Austin Peay GIS student’s road closure map unveiled on Clarksville’s new website
(Published April 17, 2019)
When the City of Clarksville launched its new website on April 8, that day’s news release lauded “a fresh, easy-to-navigate and more powerful website that will enhance the city’s ability to engage and serve its citizens.”
Austin Peay State University’s GIS Center helped create one of the engaging elements that lives on the city’s new homepage – an interactive map that continuously updates with road maintenance and closure information.
That map – which will allow city and county agencies to communicate to each other and to the public about such everyday hindrances as road repaving and water outages – was the creation of Austin Peay student Bryndon Rhoton, a computer information systems junior.
Rhoton led the project from its genesis in January, creating and designing the map from scratch and communicating with several city and county departments, such as the Clarksville-Montgomery County E-911 Center and the Clarksville Street Department.
“It’s daunting to think about it because everybody in Clarksville-Montgomery County can see this,” Rhoton said. “But a map like this matters to all of us, it gets information out to the public a lot more quickly than conventional ways. I just click, and the information is there.”
HOW WE GOT HERE
The story of this city-county-university partnership begins as most stories do – with parking. Rhoton has been working with Austin Peay police on a tool to more clearly communicate parking lot and road closures on campus. That project is still in development.
“We mentioned to (city and county officials) we’re doing this thing, and something bigger came from it,” said GIS Center Director Mike Wilson. “‘If you’re doing that for campus, can you do that for us?’ Initially, we were thinking just about parking lots.”
The project quickly grew beyond parking.
“What they liked was the simplicity and efficiency of relaying information to the public such as road closures, road work, service outages,” Rhoton said. “From this idea, we created a dashboard so the public could easily access information by clicking on some of the features.”
Rhoton has worked on the map about three months, and he spent most of the time talking with various departments about getting information onto the map. He needed about two weeks to build the web application and dashboard.
WHAT’S ON THE MAP
“The (city and county) departments are actually running the site,” GIS Center Project Manager Doug Catellier said. “They have access to put the road closures in there, to put in future work projects.”
Currently, the Clarksville Street Department, the Montgomery County Highway Department, Clarksville Gas & Water and the E-911 Center are providing data for the map. The map tracks city and county road closures, road blocks, road work, problems at intersections, water outages and wrecks. Catellier and Wilson expect to add more departments and information to the map.
Some of the information – such as wreck data from the E-911 Center – is automated. Other information – such as planned road maintenance – is input by a human. If an E-911 Center dispatcher fields a call about a car crash, for example, the system automatically picks up the information and places it on the map. A crashed car icon pops on the map, and visitors can click on the icon to see information about the wreck.
And a street department worker easily can add road maintenance information.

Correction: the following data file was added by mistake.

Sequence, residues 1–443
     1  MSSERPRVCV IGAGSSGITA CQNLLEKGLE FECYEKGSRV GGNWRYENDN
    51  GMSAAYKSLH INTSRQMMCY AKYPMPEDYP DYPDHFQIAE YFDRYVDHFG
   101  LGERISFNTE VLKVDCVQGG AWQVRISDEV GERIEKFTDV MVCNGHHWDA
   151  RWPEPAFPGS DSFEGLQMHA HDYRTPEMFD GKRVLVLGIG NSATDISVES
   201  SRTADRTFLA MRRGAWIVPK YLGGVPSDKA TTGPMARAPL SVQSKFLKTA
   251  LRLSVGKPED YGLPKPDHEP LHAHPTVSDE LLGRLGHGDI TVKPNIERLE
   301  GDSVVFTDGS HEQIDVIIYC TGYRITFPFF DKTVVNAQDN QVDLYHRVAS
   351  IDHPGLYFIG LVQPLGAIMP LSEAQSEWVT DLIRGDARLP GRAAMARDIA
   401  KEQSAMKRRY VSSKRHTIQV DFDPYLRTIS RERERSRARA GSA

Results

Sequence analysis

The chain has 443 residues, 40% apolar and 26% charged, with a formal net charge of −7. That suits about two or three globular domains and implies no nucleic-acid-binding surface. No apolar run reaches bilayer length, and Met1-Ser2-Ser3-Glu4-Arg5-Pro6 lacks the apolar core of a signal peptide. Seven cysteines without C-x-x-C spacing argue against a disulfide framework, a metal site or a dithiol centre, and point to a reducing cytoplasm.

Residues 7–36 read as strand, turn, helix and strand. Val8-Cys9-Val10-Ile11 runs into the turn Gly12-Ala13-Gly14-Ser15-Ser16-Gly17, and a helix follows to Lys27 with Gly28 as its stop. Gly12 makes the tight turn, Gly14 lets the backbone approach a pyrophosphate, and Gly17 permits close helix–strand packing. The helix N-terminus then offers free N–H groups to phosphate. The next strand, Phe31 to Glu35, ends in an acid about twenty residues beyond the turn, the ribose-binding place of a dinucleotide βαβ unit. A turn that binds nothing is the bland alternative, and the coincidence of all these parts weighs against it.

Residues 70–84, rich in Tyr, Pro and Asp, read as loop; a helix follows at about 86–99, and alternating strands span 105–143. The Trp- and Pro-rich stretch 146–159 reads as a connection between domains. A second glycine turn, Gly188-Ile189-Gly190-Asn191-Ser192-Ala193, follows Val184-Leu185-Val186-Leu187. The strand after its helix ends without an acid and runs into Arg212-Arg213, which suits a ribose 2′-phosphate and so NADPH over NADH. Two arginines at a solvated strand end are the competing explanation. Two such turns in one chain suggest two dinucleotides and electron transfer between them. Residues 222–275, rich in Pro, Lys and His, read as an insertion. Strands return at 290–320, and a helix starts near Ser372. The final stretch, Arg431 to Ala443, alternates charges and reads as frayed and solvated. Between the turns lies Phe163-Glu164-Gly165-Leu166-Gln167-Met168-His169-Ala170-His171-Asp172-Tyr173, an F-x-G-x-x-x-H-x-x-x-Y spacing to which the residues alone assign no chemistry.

“With two or three button clicks, they can have the road closure drawn out on the map,” Rhoton said. “I tried to make it as painless as possible.”
For Clarksville Mayor Joe Pitts, the map is good way to extend services to residents.
“Governments have invested a lot of money in mapping technology, so if we can find ways to share this kind of information with citizens, I’m all for it,” Pitts said. “If we can save people time and money by sharing a road closures map to their phones, then by all means, I want that on our website.”
EVERYDAY USE, AND FOR EMERGENCIES
The map is useful to government agencies, such as local law enforcement, the Clarksville-Montgomery County School System and the Montgomery County Emergency Management Agency.
“It gives them one main source to find this information, not only for these departments to know when these roads are closed, but also the public,” Catellier said.
City and county agencies will use the map most initially, Wilson said, but he expects the public will use it as more features are added.
“Most likely, the map will be used during flood events, during emergencies,” he said.
“We’ve been looking for ways we can do more for the community,” Wilson added. “We do so much for the city and the county, and other government agencies, but we’re trying to do more that the public can see.”
Rhoton is proud of his work.
“I try to make these maps the best that I can to represent the GIS Center,” Rhoton said. “I tell Doug and Mike all the time, that’s my job. I want to make a good product.”
TO LEARN MORE
- To see the road closure map, click here.
- To see the City of Clarksville’s new website, go to cityofclarksville.com.
- To learn about the Austin Peay GIS Center and its projects, visit apsugis.org.
- For more about the APSU Department of Computer Science and Information Technology, go to www.apsu.edu/csci.
News FeedView All News
The partnership will increase the affordability and accessibility of law school for Middle Tennesseans, according to the dean of the University of Memphis Cecil C. Humphreys School of Law.Read More
The project received a boost earlier this fall when the Tennessee Higher Education Commission ranked it as the No. 3 project on the state's building list.Read More
Dawn Martin Dickins, a visual artist with a concentration in drawing, has worked for the Center of Excellence for the Creative Arts for two years as the programs manager.Read More